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Monday, 17 November 2008

Ammunition plant in Petare, a suburb of the capital often counted as Latin America’s largest barrio, was found crammed with lead ingots, lathes

Ammunition plant in Petare, a suburb of the capital often counted as Latin America’s largest barrio, was found crammed with lead ingots, lathes and moulds used to make 2,000 bullets a day of various calibres.People would drop by and pick up a box of bullets as if they were buying something from the local pharmacy,” says Chief Inspector Wilmer Flores Trosel, who oversaw the raid.Mr Flores, who recently took charge of the Metropolitan police in Caracas, faces a tough task.Although the nationwide homicide rate reached 48 murders per 100,000 people in 2007 – representing a 67 per cent jump since Hugo Chávez was elected president a decade ago – in Caracas the rate is at 130 per 100,000, according to official figures. The US rate hovers around six and the UK’s is around two.“There is a civil war going on here,” says Jesus Torrealba, an activist in the Caracas slums who is critical of the government.“But because it is a low intensity war, when 50 people die a weekend in Caracas, the world doesn’t want to hear about it – unlike, say, when a car bomb kills as many in Fallujah.”Venezuela is not alone: the average homicide rate in the region is four times higher than the global average, according to a recent report by the Organization of American States.But Venezuela is one of the worst. Since 2004 its murder rate has even exceeded that of neighbouring Colombia, which has been mired in a decades-long conflict involving a guerilla insurgency, paramilitary death squads and ruthless drug cartels.A recent poll by Caracas-based company Datanalisis found that 54 per cent rank personal insecurity and the rise of delinquency as Venezuela’s principal problem. Inflation came a distant second, with just 13 per cent considering it the country’s most pressing concern.However, the violence has so far had a limited impact on Mr Chávez’s popularity, which will be tested at regional elections in a fortnight.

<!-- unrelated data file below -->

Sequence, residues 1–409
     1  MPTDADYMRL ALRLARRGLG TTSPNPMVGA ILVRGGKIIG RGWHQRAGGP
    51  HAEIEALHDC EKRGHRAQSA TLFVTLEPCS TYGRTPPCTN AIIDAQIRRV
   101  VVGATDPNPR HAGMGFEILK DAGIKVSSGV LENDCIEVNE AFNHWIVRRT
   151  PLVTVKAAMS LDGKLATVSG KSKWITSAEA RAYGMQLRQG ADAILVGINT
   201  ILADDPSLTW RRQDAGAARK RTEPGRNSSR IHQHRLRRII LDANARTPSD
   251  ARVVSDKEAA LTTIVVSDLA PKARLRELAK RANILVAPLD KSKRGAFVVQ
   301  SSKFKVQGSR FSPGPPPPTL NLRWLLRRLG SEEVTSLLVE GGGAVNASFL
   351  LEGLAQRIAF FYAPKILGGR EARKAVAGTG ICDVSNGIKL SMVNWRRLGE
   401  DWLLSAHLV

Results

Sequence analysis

While insecurity has consistently topped polls of citizens’ worries for the past three years, during the same time Mr Chávez’s popularity has fluctuated wildly. It fell from 70 per cent in 2006 to 46 per cent early this year, but has since rebounded to 57 per cent, according to Datanalisis, indicating little correlation between the problem of rising crime and the president’s popularity.

“The people don’t blame the president for this,” says Luis Vicente Leon, a director at Datanalisis.

Other problems such as the high and rising cost of living, unemployment and scarcity of basic goods – coffee is the latest item to have disappeared from supermarket shelves – are likely to have a bigger impact on the election result on November 23, Mr Leon argues.

Experts point to a number of reasons for Venezuela’s plight. High on the list is the fact that of over 6m arms circulating among a population of about 27m, some 4.5m are illegal, according to official estimates. Increased drug trafficking and usage combined with brutal gang warfare have exacerbated the bloodbath. Meanwhile, a corrupt and ineffective police force has so far done little to solve the problem, contributing to a general climate of impunity.

Mr Flores argues that gun crime is an inherited problem that started to become serious as long ago as the 1980s.

“You can’t change a country in just 10 years after 40 years of misrule,” he says.



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